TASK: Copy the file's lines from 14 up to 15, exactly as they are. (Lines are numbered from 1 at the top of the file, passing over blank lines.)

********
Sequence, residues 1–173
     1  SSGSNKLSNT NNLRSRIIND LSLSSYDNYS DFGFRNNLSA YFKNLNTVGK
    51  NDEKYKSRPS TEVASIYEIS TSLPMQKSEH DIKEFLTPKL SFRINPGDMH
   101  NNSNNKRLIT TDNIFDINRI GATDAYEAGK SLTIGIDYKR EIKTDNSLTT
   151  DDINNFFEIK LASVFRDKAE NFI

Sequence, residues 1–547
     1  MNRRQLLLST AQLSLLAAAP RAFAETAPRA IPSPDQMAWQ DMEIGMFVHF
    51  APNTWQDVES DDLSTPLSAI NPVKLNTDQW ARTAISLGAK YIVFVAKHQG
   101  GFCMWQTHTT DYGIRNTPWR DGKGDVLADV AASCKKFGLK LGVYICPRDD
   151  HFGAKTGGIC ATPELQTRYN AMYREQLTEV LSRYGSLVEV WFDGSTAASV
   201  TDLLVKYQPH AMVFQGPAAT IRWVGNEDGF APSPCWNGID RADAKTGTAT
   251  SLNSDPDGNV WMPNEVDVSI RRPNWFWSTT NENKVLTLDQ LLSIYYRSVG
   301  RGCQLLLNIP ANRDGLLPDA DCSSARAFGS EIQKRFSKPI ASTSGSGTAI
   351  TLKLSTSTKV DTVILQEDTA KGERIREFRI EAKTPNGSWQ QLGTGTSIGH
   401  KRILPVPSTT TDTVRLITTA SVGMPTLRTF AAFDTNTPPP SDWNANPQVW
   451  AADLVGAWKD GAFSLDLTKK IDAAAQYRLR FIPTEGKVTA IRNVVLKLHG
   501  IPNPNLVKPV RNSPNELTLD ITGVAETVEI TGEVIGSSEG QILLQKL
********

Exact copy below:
   351  TLKLSTSTKV DTVILQEDTA KGERIREFRI EAKTPNGSWQ QLGTGTSIGH
   401  KRILPVPSTT TDTVRLITTA SVGMPTLRTF AAFDTNTPPP SDWNANPQVW